Because you are a writer, you get out of bed, pee, start the coffee, and head directly to your office computer. No teeth brushing. No getting dressed (writers can stay in their p.j.s all day). This is because you aren’t disciplined enough to eat breakfast and read the paper in less than three hours and you really do want to get that book finished and another dozen queries sent.
Over time, because you are not a disciplined person, your email sneaks into first place, followed by BING, because it has beautiful photographs – and news items. After an hour or more, you get to your writing, but soon it is time for breakfast and the New York Times, which takes up another hour and a half. You do not read it on line. The pop up dancing ads in the middle of an article drive you mad so you cling to your hard copy, i.e. the REAL New York Times, which sometimes lands in the bushes in your yard providing the opportunity for an early morning hunt, followed by drying the paper over the heat vents. By this time it is noon and your writing sits there like a poor neglected cousin. And it is soon time for your regular coffee date with an old friend, your counseling appointment, a board meeting, or your writing group (ha ha ha!).
On another normal day in the technologically dominated 21st Century, you open your computer and begin to print out a contract, but nothing happens. You change ink cartridges. Still nothing. You turn the printer off and back on. Still nothing. You call for technical support. After taking over your computer, the young man with a lovely Indian accent tells you your computer has been hacked by someone in Germany. 98% of your files have been corrupted. He fixes the problem. Several hours have passed. It will cost you $349.99 for protection. You cancel your current anti-virus contract because it failed to protect you against hacking.
You sit down to pay bills and find a charge for $198.48 from “Webnetworksolutions” that you’ve never heard of. When you call them, a woman in Florida asks what your account number is with Frontier. You say “I’ve never heard of Frontier.” She asks what is your phone company. You answer, flustered (it is still early), “I don’t remember but it’s not Frontier.” You tell her there is a charge on your visa bill for $198.48 giving their phone number and you did not agree to any service, whatever that service might be. You can’t understand her answer (you often cannot understand people speaking from your cell phone and long for the old land line—some technology improvements need improvement). You repeat that the charge is wrong and you have no account with Frontier. She tells you to call your Visa –or, at least, that’s what you think she says. When you call Visa to dispute the charge, the woman can’t find your Visa account, but eventually does. You say you don’t know anything about this company. She checks something, then says they are going to remove the charge. They consider it fraud. In one or two days they will send you a new Visa card with an entirely new account number. Then, you will have to notify every organization that automatically charges to your card each month. There are 11 of them. Notifying them will be your task for another morning – before writing.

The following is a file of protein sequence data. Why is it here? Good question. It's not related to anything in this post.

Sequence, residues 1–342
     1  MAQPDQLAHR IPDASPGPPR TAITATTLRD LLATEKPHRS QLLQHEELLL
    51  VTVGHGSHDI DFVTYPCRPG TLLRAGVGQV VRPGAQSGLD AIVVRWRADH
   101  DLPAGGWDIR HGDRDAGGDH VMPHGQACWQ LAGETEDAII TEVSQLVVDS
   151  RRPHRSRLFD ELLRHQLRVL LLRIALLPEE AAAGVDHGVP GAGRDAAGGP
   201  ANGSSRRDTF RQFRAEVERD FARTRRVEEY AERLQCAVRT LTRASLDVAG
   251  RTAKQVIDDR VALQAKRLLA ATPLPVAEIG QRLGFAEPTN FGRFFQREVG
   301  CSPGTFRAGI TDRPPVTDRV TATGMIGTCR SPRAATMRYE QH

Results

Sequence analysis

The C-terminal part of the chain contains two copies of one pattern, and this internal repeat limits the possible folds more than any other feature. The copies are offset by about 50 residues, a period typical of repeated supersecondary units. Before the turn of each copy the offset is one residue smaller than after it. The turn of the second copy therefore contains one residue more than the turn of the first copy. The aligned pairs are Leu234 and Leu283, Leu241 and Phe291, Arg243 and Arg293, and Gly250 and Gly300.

You responded to a special deal to get DirecTV streaming for $10 a month for the first three months and $35 monthly thereafter. When a better offer appears in your inbox, you contact DirecTV and change contracts. They bill you for both. You call to ask why they have not canceled the first contract. After an hour and a half on the phone, they tell you they have resolved the matter. They haven’t. Next day, you spend another hour and a half on the phone with another person forced to do this work for lack of better options. The problem is not his fault. He sincerely wants to help you – and after 90 minutes he supposedly has corrected the problem. When you try to watch DirecTV, however, the screen flashes a message that you are unsubscribed. You contact DirecTV again. After a 90 minute on-line chat, during which you run numerous times between the TV in the living room and the computer in your office and repeatedly ask him to explain what he is talking about (you are computer-age illiterate), the technician tells you to call Amazon Fire and hangs up. The woman at Amazon Fire fixes the problem in less than 5 minutes.
Now you have time to drive 45 minutes to the doctor’s to figure out why you can’t breath and why you have a pulsing headache (brain tumor? aneurism?). They don’t know. You huff and puff to your chair, pop two Tylenol, and stick an ice pack on your head, while you read about the fall of U.S. civilization and the coming Fascism. Thus, ends a new normal day in the life of a sometime writer in the 21st Century.